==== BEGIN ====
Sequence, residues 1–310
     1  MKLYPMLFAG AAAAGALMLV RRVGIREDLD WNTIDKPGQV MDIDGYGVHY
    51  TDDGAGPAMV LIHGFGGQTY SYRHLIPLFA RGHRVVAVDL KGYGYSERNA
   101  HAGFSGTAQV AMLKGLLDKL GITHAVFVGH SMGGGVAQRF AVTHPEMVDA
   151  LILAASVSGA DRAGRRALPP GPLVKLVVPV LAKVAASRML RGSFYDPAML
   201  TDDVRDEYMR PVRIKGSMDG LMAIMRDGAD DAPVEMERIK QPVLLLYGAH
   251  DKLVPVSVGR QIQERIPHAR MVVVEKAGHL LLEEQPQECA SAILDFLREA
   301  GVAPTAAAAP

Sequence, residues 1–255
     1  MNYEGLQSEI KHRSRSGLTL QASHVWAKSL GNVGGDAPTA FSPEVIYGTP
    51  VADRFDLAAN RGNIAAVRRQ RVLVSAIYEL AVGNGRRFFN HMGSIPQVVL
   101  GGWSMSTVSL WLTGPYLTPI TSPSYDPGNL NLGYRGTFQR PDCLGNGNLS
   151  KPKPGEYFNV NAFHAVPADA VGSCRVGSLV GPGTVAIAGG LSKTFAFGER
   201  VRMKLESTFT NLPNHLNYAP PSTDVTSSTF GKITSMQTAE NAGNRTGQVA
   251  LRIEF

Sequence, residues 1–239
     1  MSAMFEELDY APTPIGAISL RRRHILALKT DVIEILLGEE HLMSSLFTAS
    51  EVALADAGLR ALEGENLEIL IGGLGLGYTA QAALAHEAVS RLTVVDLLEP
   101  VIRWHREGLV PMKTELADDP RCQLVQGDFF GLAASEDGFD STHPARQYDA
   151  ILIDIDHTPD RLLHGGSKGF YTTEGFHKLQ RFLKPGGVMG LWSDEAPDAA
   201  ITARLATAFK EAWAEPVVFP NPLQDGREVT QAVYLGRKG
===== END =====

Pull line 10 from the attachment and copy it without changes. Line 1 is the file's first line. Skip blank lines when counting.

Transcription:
     1  MNYEGLQSEI KHRSRSGLTL QASHVWAKSL GNVGGDAPTA FSPEVIYGTP